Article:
If you’re a man wondering what sort of check ups you should be getting from your doctor, well, the answer is that it depends on a number of factors. Most importantly among them is generally going to be age. The list of routine exams that you should be undergoing will change depending on how old you are. So let’s start with the first decade of autonomous adulthood:
Your physician is going to tell you precisely which exams are most important to your health depending on your specific needs, your physique, your medical history and so on, so your eventual list of regular exams might not wind up looking exactly like this one. But, in general, young men in their 20s can expect to make the following exams a regular part of their lives:
1) Annual Physical
Your annual physical is pretty much your solid foundation for good health. This is where you take care of the basics. Your annual physical should include a blood pressure check, height and weight checks and general testing of reflexes and things of that nature.
2) Testicular Cancer Screening
Some guys do this annually, others every few years, but you should be self-testing on a monthly basis for lumps and irregularities in your testicles.
3) Cholesterol Testing
You only need to do this one every five years, but it is nevertheless quite important.
If you have a lot of partners, you’re going to want to add regular STD screenings to this list. Some young men may want to get a start on cardio exams, too, to stay heart healthy.
30s and 40s
Around your thirties, you’re going to want to be undergoing all of the exams listed above, but you’re also going to need to add the following to the mix:
4) Eyesight testing
If you’ve generally had good eyesight, it may be in your thirties that you start to develop poor eyesight. It’s important to keep a check on it.
At this point it may be very important for your doctor to start looking for irregularities in the heart, depending on risk factors.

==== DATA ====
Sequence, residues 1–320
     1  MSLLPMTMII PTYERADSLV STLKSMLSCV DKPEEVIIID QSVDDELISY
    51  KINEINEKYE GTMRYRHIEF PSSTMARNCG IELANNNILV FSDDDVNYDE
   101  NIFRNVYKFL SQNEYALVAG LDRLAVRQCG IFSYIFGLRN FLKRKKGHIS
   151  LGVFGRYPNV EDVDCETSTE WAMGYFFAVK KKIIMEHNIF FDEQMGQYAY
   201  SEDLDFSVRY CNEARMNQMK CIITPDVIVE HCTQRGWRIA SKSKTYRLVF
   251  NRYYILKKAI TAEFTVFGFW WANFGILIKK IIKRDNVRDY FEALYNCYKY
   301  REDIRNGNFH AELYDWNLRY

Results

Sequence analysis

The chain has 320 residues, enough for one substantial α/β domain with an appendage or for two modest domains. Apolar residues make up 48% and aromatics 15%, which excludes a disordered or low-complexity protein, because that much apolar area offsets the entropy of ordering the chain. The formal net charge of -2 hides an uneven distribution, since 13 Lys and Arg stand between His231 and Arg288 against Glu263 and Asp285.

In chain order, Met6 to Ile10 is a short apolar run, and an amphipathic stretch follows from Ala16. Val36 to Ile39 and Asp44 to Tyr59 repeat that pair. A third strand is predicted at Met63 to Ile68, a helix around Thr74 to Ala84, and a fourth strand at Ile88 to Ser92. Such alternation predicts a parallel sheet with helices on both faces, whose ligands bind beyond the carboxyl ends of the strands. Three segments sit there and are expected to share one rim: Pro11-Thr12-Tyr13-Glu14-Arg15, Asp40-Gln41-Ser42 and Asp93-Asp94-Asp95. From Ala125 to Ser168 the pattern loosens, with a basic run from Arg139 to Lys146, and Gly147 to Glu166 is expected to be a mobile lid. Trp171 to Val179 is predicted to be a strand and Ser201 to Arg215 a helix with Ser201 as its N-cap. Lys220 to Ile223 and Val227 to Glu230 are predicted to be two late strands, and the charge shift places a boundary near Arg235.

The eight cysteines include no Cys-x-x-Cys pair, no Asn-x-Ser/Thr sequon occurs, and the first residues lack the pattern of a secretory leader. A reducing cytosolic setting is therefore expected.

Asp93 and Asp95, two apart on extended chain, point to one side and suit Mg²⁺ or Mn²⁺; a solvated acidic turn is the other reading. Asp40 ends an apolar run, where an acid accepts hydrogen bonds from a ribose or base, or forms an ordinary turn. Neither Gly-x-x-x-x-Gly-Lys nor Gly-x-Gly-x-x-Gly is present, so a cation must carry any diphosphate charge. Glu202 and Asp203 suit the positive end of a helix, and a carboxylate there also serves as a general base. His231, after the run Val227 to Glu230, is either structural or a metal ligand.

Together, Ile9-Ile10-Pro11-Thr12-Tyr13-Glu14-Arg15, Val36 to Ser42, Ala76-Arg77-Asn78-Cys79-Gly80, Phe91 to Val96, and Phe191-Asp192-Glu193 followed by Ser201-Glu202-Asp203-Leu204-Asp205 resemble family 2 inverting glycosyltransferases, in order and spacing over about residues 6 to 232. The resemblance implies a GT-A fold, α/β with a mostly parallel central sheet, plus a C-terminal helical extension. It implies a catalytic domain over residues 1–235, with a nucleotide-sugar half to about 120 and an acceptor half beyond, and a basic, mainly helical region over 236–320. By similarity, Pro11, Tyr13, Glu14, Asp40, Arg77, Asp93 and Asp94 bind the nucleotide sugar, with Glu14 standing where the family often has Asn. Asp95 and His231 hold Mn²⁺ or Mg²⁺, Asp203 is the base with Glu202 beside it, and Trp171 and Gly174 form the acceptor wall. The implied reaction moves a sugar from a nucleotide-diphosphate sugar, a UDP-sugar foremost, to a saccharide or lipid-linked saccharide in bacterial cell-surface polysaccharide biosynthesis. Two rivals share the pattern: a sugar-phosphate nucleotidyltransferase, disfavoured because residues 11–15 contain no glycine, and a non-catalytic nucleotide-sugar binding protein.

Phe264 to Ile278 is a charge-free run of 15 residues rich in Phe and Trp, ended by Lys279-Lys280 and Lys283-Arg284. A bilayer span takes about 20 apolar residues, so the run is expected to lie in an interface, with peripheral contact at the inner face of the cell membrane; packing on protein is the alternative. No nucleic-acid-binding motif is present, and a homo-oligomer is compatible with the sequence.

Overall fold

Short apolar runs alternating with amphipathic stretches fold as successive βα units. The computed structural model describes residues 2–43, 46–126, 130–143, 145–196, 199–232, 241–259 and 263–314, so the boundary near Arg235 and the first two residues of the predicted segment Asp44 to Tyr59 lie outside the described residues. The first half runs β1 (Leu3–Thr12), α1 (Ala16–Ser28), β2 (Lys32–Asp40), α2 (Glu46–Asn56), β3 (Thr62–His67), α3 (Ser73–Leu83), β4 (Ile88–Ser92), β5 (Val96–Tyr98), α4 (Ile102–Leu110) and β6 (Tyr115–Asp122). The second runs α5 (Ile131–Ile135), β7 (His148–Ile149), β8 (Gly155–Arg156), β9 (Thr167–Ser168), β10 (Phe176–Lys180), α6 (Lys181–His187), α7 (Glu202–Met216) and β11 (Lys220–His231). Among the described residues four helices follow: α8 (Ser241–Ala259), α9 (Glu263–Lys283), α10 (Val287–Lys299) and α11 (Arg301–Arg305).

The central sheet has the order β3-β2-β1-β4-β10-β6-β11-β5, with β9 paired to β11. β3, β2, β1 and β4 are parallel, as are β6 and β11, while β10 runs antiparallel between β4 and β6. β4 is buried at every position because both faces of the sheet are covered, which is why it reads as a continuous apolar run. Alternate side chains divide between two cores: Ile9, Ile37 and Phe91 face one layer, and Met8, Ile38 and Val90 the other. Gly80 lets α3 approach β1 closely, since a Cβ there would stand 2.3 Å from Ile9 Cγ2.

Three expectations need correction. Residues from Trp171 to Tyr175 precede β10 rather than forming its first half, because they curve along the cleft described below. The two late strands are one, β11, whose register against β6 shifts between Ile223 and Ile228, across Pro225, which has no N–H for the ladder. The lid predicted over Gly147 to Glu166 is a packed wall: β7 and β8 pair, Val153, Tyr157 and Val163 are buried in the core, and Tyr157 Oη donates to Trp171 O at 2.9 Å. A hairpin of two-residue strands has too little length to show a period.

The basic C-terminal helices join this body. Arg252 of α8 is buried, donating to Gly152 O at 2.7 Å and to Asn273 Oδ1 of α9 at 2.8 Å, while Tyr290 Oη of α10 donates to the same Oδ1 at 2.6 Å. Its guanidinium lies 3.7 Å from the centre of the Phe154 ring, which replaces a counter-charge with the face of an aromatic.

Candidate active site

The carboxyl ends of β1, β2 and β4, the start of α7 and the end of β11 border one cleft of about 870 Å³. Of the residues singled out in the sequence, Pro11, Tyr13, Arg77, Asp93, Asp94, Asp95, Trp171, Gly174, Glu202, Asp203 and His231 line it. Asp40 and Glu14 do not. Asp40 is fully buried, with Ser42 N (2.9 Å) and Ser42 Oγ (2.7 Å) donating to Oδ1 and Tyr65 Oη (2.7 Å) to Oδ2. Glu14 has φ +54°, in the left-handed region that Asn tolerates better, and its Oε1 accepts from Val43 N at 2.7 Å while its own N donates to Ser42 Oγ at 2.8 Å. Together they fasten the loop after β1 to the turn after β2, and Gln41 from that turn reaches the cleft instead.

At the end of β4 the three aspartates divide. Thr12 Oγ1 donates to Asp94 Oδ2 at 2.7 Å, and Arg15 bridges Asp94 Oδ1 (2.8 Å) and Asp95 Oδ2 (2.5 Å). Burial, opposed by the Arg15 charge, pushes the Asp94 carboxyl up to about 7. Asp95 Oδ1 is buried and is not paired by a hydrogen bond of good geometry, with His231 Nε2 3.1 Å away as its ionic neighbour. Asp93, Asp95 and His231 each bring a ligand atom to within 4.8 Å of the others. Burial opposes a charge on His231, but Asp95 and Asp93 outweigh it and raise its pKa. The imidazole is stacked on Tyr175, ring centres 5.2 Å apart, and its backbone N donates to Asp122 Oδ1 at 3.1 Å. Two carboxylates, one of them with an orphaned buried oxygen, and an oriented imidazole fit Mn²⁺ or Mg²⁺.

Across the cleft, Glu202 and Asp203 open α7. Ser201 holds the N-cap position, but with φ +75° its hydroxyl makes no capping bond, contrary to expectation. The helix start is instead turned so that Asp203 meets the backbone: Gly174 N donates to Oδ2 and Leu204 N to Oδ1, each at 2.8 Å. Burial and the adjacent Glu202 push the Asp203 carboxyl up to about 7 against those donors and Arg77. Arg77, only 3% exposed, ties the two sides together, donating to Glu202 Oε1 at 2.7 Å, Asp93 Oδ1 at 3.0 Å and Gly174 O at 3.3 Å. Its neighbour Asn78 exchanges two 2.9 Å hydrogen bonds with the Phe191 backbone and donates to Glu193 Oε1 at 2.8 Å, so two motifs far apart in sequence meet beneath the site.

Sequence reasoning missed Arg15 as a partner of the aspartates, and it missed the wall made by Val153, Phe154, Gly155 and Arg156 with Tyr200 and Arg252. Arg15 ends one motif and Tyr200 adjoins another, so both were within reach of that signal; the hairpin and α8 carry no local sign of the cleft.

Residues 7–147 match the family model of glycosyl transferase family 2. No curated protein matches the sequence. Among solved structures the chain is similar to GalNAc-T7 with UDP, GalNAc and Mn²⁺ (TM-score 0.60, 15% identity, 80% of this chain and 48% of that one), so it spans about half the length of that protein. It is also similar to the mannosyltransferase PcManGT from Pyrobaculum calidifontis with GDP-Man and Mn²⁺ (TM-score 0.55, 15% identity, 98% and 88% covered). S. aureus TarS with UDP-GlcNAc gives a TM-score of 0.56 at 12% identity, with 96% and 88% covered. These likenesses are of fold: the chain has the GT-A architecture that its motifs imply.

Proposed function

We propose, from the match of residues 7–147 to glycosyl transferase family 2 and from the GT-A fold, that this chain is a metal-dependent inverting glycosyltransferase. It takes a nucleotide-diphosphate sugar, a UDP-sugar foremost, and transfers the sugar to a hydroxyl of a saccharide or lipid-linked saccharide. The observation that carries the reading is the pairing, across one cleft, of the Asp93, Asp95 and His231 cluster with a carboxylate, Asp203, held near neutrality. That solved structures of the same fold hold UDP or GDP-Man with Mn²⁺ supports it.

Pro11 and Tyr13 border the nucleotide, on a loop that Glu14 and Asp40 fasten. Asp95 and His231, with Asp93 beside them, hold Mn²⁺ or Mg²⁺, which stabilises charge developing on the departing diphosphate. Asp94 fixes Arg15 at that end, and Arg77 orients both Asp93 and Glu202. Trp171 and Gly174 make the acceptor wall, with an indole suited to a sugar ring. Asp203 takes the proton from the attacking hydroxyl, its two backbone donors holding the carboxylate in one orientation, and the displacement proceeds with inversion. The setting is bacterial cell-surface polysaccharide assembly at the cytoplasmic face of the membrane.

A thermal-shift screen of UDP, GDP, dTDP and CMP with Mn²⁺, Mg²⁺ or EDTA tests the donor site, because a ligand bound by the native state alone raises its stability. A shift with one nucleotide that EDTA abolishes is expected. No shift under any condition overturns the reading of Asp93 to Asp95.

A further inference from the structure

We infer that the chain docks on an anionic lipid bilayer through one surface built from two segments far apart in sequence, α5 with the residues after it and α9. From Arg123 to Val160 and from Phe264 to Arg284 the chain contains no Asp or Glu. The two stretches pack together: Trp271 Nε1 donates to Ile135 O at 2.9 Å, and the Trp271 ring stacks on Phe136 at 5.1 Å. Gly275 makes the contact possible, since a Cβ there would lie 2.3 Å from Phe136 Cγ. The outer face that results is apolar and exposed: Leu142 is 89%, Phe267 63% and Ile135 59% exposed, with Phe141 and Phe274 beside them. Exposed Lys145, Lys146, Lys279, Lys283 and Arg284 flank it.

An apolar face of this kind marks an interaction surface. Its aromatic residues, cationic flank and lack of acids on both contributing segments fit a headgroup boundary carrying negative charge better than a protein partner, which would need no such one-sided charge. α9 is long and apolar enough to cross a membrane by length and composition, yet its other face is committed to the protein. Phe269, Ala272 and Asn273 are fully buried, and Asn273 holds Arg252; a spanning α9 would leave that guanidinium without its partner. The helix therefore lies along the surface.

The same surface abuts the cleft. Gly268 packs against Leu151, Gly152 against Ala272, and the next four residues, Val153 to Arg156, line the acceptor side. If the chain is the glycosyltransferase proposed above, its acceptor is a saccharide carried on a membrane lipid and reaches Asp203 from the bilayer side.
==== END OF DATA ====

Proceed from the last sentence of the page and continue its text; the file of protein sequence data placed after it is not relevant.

In your forties, you’re going to want to be doing all of the above, as well as…
6) Coronary Heart Disease Screening
Your physician might not consider this a serious concern unless you have a history of heart disease in your family.
50s and 60s
Many serious ailments and conditions may not present themselves until you reach later middle-age. By your fifties, you’re going to have a general idea of what to expect from your body, assuming that you’ve been going to your doctor appointments, going through your exams and paying attention when your physician tells you about your risk factors. So take all of the above-listed examinations, and add to them the following:
7) Screening for Prostate Cancer
This becomes very important once you hit fifty. Many of us choose to undergo the exam at a younger age to be safe, of course.
8) Diabetes Type II
Diabetes type II might not develop until you hit retirement age, and even a lifetime of healthy eating isn’t always a guarantee against it.
9) Screening for Depression
Although depression starts to become less common after men hit a certain age, poor diet, lack of exercise and other factors can start contributing to clinical depression in your fifties and sixties.
10) Screening for Colon Cancer
At this age, colon cancer is a serious risk.
11) Hearing Exam
Many older men refuse to take a hearing exam because they feel that a hearing aid makes them look old, weak, lacking in virility. Hearing aids today are a far cry from the big, plastic aids of yesteryear that were almost as big as the ear itself. Think earbuds more than headphones.
12) Alzheimer’s Screening
In your sixties, it becomes more important than ever to keep your mind limber, and screening for Alzheimer’s disease becomes vital.
70s and Beyond
We’re living longer every day, and many of the people reading this may easily hit the triple digits. But we only get there if we take care of ourselves. Once you get to seventy, you’re going to want to add the following to your routine exams:
13) Annual Electrocardiogram
Making this an annual exam may save your life.
14) Cancer Screening
At this point, you’re going to want to be screening for cancer based on your particular risk factors.
Add this to Alzheimer’s screening. By this point, you should be working various brain-training activities into your routine in order to stay sharp, whether it be crossword puzzles, chess or heavy reading.
Staying healthy can be a pain sometimes, but without these exams, you’re giving poor health a chance to sneak up on you.
What other physical exams do you think men need to take? What’s the next one on your to-do list?